Materials and Methods

Impacted/Non-Impacted third molar and orthodontically sacrificed tooth were collected and transported in Hank balanced salt solution from the Department of Periodontology, KGMU to Center for Advance Research (CFAR) and was considered for this study. The study has been ethically approved by the Institutional Ethical Committee. The written consent was obtained from patients for the orthodontically sacrificed-, impacted-, non-impacted-, artificial denture-tooth extraction and isolation of Dental pulp/periodontal ligament/gingiva/ apical papilla.

Isolation of dental tissue

From each tooth, firstly, gingiva was extracted from periodontium and collected in chilled sterile PBS; PDL tissue around the cement– enamel junction (CEJ) was scrapped with a scalpel blade in chilled sterile PBS; for DP, tooth was split vertically into two equal halves using a diamond carbide bur in chilled PBS using a rotatory motor with minimum speed and copious irrigation of chilled sterile PBS (Figure 1a). DP tissue was pulled out using Curettes or endodontic file, and extracted DP was transferred in sterile chilled PBS (Figure 1b). AP, loosely attached to the apex of the developing root was easily detachable (Figure 2).

stem-cell-research-therapy-vertical-split

Figure 1: (a) Dental pulp of 13 year subject’s tooth after vertical split of tooth into two equal halves using a diamond carbide bur in chilled PBS using a rotatory motor with minimum speed and copious irrigation of chilled sterile PBS (b) After pulling out DP tissue using curettes or endodontic file, hollow DP cavity.

stem-cell-research-therapy-Apical-Papilla

Figure 2: Apical Papilla (AP), loosely attached to the apex of the developing root of 16 years old subject.

Dental tissue processing for cell culture

All the samples were processed in the GMP-compliant facility in a Class II microbiological safety cabinet. All the extracted and decontaminated tissues were cut into small pieces and digested in an enzymatic solution for 30 min at 37°C containing collagenase 1 (3 mg/ml) and 4 mg/ml dispase to liberate the cells. After complete digestion the enzyme was neutralized by adding medium. The obtained suspension was centrifuged and the pellet was mixed with the medium (DMEM low glucose (1 g/L) supplemented with 10% FBS, Penicillin (10 mg/100 ml), Streptomycin (20 mg/100 ml), L-glutamine (10 mg/100 ml) and incubated at 37°C in a humidified atmosphere with 5% CO2) and were transferred to T-25 flask (Figure 3). The T-25 flasks were left undisturbed in a 5% CO2 incubator maintained at 37°C for 4-5 days after which fresh culture medium was supplemented. Adherent cells were allowed to expand for 10-15 days by changing the media at an interval of 2 days. A cell count and viability check were performed after harvesting the cells, and about a million cells were re-plated into 300 cm2 tissue culture flasks for further expansion.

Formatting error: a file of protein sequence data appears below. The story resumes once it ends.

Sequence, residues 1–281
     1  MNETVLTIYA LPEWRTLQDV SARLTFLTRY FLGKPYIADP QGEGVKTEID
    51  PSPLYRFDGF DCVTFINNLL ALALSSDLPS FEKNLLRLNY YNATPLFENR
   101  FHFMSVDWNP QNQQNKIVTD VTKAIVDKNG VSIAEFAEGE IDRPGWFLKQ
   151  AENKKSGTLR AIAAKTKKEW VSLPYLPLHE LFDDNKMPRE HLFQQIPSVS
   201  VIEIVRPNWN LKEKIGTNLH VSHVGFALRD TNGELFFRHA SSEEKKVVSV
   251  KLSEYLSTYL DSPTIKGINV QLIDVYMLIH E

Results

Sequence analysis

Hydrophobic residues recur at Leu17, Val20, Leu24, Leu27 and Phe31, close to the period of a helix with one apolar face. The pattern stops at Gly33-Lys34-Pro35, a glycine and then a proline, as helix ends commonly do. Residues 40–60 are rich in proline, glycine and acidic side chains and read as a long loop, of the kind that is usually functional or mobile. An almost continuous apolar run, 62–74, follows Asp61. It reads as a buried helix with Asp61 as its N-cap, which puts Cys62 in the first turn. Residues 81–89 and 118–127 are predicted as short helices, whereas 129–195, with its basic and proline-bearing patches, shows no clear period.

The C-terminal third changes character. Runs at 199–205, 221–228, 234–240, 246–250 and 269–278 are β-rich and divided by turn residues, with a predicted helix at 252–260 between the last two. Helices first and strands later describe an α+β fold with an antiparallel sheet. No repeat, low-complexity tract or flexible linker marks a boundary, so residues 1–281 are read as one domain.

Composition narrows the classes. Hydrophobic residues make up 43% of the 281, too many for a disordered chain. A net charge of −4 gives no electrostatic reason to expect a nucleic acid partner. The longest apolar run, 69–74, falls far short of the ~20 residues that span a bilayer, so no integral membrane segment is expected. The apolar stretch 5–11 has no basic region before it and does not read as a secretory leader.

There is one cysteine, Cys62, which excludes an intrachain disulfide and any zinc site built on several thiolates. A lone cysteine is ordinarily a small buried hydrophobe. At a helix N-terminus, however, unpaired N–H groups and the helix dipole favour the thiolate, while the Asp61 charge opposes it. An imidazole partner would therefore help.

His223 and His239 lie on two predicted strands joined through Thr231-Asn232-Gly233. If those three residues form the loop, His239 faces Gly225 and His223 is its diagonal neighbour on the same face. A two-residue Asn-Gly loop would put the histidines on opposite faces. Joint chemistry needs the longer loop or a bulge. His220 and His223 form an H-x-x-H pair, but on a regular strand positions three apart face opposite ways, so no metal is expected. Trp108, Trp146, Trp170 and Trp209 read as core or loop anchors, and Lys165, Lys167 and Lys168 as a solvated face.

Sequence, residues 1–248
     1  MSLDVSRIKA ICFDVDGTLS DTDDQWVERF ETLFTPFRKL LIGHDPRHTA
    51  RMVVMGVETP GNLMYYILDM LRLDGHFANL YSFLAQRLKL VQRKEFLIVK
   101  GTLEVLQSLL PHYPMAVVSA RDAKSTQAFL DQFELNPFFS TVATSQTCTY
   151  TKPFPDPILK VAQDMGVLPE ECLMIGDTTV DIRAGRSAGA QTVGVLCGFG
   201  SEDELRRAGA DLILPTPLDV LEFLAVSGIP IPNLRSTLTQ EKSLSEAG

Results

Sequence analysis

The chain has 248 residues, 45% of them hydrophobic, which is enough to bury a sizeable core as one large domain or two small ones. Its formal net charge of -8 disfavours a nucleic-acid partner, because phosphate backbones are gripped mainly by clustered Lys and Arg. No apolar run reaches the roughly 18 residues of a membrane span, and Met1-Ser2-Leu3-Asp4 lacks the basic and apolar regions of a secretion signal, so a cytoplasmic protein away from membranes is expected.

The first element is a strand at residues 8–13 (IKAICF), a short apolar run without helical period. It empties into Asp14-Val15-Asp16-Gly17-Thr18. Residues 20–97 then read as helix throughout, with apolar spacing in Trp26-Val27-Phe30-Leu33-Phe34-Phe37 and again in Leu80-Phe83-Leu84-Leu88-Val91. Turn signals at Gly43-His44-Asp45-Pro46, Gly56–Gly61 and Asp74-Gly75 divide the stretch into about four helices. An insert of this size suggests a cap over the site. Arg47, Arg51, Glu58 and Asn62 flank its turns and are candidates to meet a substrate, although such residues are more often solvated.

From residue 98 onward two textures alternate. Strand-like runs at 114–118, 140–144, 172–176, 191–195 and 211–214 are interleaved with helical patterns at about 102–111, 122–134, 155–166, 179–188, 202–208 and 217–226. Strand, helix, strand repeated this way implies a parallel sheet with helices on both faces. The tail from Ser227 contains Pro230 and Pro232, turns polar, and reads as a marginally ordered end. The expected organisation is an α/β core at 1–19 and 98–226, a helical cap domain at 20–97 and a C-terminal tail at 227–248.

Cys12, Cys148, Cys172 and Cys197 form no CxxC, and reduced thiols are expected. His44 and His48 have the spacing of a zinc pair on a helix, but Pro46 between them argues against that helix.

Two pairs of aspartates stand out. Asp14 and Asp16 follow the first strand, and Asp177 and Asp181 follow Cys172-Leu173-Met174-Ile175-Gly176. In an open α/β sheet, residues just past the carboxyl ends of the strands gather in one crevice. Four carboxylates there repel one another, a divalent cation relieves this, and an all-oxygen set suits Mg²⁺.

stem-cell-research-therapy-dental-pulp

Figure 3: Single suspension from dental pulp tissue at day 0 and fibroblastic appearance of cells at day15 from various different sources.

Phenotypic characterization

1×106 cells from second or third passage were subjected to immune-phenotypic analysis. Cultured cells were washed in staining buffer (PBS+2% FCS) and centrifuged at 300×g, for 5 min at 40°C. The supernatant was discarded and resuspended to ~106 cells/tube with staining buffer with 500 μl incubated with various mouse anti-human antibodies/Propidium Iodide/Isotype controls. Briefly, one tube consisted of combined staining of CD73APC/CD90FITC/CD105PE/ CD34PECy7/CD20PECy7/CD45PECy7/CD14PECy7; second tube was prepared for unstained cells (with PI staining only); third tube was prepared for Isotype controls (Isotype APC/Isotype FITC/Isotype PE/ Isotype PECy7). Simultaneously, separate compensation tubes (5×105) were prepared for CD73APC, CD90FITC, CD105PE, CD73PECy7. All the tubes with antibodies were incubated at 40°C in the dark for 30 mins. 1 ml staining buffer was added and the tubes were vortexed and centrifuged. The supernatant was discarded and was resuspended in 200 μl staining buffer/tube. 5 μl PI was added to each tube and the cells were acquired through Amnis-Image based Flow Cytometer. Firstly, we acquired data for unstained cells, drew gate to singlet's based on Area_M01 versus Aspect Ratio_M01 and subgate for non-PI positive events. The template was saved for further evaluation. Raw Max Pixel Graphs were drawn for Ch2 (FITC), Ch3 (PE), Ch4 (PI), Ch5 (APC) and Ch6 (PECy7) and laser powers were adjusted for 488 and 642 nm lasers respectively. Approximately 10,000 events were acquired and data analysis was performed using the IDEAS-Image Stream analysis Software.

Functional differentiation studies